Changes naturally occur during male ageing which reduce the amount of testosterone effectively available to the male body. These changes alter the ratio between testosterone and estrogen (actually estradiol) in a man's body, and produce the symptoms known as partial androgen deficiency.

One of the most crucial factors in the metabolism of male hormones is an enzyme called aromatase, especially prevalent in fat tissue. This enzyme turns testosterone into estradiol, so changing the balance between estradiol and testosterone; men who have too much body fat, especially around the abdomen, may well have higher estrogen levels as a result of this aromatase activity. This can produce a high ratio of estrogen to testosterone. Increased estradiol is linked to decreased insulin sensitivity, and possibly blood glucose problems.

Low testosterone and excessive obesity is the so-called hypogonadal /obesity relationship, where a low testosterone level produces excess abdominal fat, which causes increased aromatase activity, which causes even more conversion of testosterone to estradiol, and this in turn naturally further reduces testosterone and then reinforces the tendency toward laying down of abdominal fat.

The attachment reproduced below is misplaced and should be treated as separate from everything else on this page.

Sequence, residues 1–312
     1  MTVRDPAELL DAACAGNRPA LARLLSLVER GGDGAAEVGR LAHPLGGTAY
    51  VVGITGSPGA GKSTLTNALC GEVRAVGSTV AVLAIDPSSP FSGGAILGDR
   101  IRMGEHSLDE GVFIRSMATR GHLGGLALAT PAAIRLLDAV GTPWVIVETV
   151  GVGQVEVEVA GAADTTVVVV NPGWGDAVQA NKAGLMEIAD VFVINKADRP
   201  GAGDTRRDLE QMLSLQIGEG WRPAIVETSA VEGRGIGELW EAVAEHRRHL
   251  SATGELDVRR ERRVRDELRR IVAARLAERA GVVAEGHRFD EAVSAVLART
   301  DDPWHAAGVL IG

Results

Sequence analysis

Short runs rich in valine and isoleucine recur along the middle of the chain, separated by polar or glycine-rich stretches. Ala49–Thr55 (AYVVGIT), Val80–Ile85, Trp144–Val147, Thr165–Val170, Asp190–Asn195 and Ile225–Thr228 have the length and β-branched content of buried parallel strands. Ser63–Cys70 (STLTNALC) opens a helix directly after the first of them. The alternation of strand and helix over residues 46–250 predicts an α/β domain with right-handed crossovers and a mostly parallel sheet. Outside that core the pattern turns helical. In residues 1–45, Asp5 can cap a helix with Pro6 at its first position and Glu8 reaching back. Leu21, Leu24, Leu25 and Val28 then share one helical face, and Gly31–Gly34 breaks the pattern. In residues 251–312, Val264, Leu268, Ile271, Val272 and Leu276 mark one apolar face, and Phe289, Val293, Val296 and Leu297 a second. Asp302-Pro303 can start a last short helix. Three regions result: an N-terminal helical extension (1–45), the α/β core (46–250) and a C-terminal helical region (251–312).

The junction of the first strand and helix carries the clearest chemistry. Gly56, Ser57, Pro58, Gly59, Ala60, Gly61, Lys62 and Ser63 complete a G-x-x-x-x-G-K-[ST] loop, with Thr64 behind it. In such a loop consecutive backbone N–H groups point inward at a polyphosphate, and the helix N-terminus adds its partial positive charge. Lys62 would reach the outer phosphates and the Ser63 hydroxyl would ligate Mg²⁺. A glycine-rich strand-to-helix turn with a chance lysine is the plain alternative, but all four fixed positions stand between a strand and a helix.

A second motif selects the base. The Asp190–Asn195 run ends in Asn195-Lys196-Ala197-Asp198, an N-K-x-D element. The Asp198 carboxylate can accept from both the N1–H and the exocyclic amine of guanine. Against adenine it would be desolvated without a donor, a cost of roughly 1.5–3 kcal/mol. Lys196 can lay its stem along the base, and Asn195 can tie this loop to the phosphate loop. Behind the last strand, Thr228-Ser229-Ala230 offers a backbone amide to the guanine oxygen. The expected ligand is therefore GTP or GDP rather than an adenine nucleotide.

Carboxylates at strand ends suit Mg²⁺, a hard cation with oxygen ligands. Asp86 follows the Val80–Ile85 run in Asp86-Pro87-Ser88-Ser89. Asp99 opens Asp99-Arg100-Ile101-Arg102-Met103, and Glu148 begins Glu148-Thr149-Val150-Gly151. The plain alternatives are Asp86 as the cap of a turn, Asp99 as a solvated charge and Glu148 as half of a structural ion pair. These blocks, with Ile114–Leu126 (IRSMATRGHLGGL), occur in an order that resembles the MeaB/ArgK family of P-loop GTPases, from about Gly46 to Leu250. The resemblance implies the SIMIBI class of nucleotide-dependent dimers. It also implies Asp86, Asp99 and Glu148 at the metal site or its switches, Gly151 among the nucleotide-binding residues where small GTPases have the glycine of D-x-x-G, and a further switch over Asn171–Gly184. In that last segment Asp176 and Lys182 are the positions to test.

Sex hormones are closely affected by the level of sex hormone–binding globulin (SHBG). Only a little testosterone is free in the blood stream circulation: most of it is bound to SHBG, a specialized carrier protein which actually inactivates the sex hormones. Clearly the more the SHBG the lower the effective levels of testosterone.

Aging men with testosterone deficiency experience more aromatase activity and higher SHBG production. Overall this means the ratio of estradiol to testosterone goes up, and the bio-available testosterone level goes down. And since the liver is responsible for removing the surplus estrogen and SHBG, any deficiency in liver function - such as that resulting from alcohol consumption - can make the overall situation even worse.

Effects of Decline in Testosterone Levels With Age

Nervous system effects. Low testosterone is associated with depression and other psychological problems. Also, conventional antidepressants are of limited use because they suppress libido. Feelings of emotional health and well-being are associated with  testosterone treatment. Just as importantly, cognition and alertness are affected by testosterone.